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Social media minefield

21 5 0
17.06.2017

IN a polarised milieu, calls for accountability may mean anything from simply an expectation that the rule of law will be upheld to seeking freedom for a lynch mob to run amok with a hangman’s noose. God help you if you are caught on the wrong side of the fence with the wrong interpretation.

The Panama Papers leak and the resulting demands for accountability in Pakistan’s charged political environment, with many visible and invisible players on opposing sides, meant that the Supreme Court was tasking itself with a near no-win case.

Honestly, it was courageous of the Supreme Court to take up the matter as a lesser, albeit lawful and constitutionally formed, forum could not have had the credibility or authority to defuse the crisis after the names of the prime minister’s family figured in the leaks.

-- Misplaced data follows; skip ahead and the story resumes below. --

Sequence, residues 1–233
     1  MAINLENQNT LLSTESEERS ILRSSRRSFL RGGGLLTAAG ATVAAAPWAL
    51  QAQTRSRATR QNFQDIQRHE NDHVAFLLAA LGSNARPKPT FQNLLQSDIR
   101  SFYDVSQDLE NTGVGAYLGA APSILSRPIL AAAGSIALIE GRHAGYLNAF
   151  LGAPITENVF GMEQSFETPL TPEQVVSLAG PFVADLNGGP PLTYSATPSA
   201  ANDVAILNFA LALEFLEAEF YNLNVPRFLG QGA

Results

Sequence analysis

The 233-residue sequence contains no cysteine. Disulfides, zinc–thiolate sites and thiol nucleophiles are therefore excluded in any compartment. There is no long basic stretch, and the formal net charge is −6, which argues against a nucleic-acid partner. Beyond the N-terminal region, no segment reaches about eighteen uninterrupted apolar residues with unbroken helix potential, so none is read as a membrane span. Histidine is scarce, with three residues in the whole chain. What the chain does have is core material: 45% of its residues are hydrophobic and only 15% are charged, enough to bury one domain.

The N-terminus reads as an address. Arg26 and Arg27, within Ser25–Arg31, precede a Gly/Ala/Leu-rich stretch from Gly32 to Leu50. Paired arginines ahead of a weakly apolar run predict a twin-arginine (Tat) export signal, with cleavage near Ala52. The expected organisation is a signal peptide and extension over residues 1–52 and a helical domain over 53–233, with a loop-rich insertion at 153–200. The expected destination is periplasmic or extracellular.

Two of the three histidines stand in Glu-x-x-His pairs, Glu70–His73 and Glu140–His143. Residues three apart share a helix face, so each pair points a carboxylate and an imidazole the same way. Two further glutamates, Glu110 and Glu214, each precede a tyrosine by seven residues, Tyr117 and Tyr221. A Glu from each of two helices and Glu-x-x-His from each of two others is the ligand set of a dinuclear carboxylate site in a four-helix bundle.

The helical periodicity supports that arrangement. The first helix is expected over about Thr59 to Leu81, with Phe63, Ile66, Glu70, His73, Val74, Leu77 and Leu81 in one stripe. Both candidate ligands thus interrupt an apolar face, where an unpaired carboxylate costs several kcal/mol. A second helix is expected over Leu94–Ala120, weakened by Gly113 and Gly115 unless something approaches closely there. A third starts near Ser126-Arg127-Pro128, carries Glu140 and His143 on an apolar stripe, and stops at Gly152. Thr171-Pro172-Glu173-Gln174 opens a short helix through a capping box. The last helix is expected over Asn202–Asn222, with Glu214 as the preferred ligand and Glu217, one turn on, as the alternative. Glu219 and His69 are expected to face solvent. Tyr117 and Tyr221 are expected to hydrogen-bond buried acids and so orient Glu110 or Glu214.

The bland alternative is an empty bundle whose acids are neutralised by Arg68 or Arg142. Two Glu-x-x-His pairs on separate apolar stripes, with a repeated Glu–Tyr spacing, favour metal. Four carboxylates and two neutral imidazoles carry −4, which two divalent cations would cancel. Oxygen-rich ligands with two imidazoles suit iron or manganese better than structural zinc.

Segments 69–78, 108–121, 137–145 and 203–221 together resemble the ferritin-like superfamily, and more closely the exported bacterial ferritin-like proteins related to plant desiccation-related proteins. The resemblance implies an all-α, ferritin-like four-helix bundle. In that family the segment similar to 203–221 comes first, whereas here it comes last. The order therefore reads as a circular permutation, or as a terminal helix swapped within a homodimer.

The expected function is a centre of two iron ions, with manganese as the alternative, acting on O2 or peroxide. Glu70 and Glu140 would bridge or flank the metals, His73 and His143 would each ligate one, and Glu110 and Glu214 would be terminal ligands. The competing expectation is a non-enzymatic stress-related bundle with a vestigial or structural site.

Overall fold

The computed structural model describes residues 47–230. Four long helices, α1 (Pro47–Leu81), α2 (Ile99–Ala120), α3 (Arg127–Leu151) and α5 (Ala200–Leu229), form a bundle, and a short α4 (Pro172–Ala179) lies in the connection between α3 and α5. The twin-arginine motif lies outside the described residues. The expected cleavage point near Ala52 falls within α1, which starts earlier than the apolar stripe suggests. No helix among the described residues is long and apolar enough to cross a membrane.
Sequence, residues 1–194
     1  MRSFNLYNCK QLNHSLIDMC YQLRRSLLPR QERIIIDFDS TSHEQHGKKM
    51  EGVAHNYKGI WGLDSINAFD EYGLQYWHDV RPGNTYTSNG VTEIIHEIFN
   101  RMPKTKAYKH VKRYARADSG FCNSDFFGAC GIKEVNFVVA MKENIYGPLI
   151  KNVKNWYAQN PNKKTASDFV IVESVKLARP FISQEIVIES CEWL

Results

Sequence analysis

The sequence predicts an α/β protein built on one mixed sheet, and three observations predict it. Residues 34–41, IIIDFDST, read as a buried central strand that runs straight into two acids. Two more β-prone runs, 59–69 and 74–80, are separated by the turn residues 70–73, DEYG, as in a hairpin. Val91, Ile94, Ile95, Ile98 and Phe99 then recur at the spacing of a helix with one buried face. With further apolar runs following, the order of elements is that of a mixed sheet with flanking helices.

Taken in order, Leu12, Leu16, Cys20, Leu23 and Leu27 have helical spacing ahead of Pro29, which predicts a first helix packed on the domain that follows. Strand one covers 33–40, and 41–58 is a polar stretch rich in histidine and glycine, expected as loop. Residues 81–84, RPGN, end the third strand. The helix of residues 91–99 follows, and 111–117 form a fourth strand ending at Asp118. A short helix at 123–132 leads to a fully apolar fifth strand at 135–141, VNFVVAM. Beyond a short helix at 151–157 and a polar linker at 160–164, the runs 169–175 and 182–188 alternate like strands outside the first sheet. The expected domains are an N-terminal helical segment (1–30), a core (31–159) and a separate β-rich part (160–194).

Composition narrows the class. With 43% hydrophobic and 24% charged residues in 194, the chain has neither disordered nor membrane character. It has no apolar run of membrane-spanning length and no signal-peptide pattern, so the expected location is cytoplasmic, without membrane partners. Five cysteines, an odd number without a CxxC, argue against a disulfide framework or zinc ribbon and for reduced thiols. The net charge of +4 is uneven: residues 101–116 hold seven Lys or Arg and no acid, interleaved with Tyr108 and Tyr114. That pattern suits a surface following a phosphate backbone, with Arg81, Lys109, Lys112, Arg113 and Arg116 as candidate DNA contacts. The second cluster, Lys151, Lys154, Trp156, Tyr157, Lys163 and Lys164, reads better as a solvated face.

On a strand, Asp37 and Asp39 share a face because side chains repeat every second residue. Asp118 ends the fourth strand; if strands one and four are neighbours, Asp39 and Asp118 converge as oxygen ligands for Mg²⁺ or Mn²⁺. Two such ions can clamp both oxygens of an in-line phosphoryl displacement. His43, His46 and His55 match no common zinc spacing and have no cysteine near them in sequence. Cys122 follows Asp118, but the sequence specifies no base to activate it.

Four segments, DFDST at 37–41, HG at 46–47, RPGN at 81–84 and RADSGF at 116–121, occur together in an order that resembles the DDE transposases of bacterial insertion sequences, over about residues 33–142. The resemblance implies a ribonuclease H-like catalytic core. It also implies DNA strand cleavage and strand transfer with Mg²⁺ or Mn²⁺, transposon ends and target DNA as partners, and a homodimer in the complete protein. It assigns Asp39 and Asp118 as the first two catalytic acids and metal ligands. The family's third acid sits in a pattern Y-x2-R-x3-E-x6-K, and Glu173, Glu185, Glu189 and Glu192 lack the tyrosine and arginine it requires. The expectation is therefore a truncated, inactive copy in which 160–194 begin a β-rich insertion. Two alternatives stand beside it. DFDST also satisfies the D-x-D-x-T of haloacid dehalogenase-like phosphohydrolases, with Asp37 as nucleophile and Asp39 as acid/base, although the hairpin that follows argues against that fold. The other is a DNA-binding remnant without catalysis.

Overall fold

Many commentators like myself have made the argument that somehow accountability has mainly focused on the civilians who have governed the country for a little over half its life as (often junior, given the policy no-go areas) partners with the military.

But the military that has ruled in a far more absolutist manner has never really been held to account, neither for its constitutional transgressions and excesses nor for the ruin some of its policies have brought to the country. It is true. But that debate is for another time.

The Twitter timelines of various people represent a much richer mix of positions than those witnessed on television.

One can be certain that today’s independent superior judiciary will........

© Dawn